The PIE Project – standing for ‘Primary Inspiration through Enterprise’ – is a charity founded by Ammar Mirza CBE whilst Chair of Governors at Tyneview Primary School in partnership with the Head Teacher Steve Gittins in 2013, with the aim to connect education to the world of work and enterprise. Founder of the Metro Centre, Sir John Hall is a patron and the board of trustees, chaired by Chris Beevers, bring together a vast range of experience from all sectors to add significant value.
PIE originally came together when four schools in Walker began to work together to set up a shop. Since then, over 100 schools and 5,000 pupils have taken part in PIE initiatives, helping the North East to lead the way in developing future career and life skills for pupils of all ages. PIE is also the first UK initiative that awards accredited Enterprise vocational qualifications to participants.
Traditionally, careers advice and work experience programmes are focused on secondary school aged children, specifically those over the age of 14. PIE aims to ensure that children of all ages have access to well-rounded and exciting enterprise and STEM experience through the Big PIE Challenge. Participating groups are given the tools and capital to plan and run their own businesses in partnerships with local businesses and entrepreneurs, as well as challenged to a series of mental and problem-solving tests.
Industry complains that it is unable to match the current workforce to the technical demand, businesses claim “they simply cannot get the staff.”
Current interventions that target 16-18 year olds are too late, we need to help engage and inspire young people early on.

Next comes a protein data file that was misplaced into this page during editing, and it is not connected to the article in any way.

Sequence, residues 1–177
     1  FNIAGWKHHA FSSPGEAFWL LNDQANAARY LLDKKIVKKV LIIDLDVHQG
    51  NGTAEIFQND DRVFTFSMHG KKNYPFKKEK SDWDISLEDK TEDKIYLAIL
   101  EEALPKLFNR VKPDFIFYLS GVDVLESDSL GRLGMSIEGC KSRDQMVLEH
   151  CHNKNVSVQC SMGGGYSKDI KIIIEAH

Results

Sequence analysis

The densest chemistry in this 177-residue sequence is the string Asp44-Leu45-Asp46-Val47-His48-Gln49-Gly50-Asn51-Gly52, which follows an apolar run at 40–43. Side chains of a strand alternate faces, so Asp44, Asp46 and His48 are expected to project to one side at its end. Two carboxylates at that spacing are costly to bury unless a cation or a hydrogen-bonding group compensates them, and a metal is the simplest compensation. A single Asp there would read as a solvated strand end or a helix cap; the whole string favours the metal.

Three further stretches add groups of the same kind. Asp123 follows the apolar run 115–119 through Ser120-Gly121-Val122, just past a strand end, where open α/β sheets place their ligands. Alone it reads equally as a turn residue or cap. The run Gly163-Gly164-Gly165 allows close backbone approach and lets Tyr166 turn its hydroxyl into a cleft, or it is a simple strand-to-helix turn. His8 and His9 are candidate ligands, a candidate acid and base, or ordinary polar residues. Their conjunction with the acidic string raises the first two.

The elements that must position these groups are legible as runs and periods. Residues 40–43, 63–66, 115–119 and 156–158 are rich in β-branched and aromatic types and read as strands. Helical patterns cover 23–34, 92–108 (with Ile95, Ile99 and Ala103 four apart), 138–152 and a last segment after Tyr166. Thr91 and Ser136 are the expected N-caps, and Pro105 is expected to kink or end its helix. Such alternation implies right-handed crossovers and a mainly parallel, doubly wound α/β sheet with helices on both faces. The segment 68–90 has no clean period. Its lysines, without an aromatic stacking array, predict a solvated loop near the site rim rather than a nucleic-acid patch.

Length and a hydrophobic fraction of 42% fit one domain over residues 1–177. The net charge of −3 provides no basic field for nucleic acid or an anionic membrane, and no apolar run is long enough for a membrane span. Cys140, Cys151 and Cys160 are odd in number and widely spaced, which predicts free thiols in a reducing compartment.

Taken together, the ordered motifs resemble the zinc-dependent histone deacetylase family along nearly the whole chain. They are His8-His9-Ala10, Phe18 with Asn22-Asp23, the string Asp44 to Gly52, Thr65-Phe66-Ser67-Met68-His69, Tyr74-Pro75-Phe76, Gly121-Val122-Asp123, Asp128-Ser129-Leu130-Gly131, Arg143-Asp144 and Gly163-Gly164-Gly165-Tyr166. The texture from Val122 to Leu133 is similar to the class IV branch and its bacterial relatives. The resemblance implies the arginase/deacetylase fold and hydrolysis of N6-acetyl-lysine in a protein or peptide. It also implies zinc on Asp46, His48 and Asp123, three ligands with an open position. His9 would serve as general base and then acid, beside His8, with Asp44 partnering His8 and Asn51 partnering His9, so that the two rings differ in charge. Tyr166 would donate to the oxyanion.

Whilst there are some good initiatives that Primary Schools are able to purchase, these tend to be for one-off projects and delivered by academics. There is no sustained approach that clearly and consistently links the enterprise activities to local business.
Early intervention is key to ensuring our future generation are adequately and appropriately equipped to enter industry.
More importantly mapping out education to match their career aspirations and linking this to practical experience will significantly improve the pupils options.
This is an initiative led by the business community that aims to inspire, engage, and educate primary aged students in helping them understand and appreciate enterprise.
The project joins up local businesses directly with a primary school in that area. Together with engaging primary school pupils PIE uses existing Apprentices as role models for the younger generation this approach helps in communicating key messages and experiences that pupils can relate to.
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“We would recommend that any school gets involved with the Big PIE challenge as it brings a whole host of benefits for pupils.” Angela Robinson from Reid Street Primary School said, “With the emphasis that is evident from the DfE and Ofsted on; enterprise and aspiration, ability to communicate, employability skills, resilience, citizenship… these are crucial elements of a broad and rich curriculum.”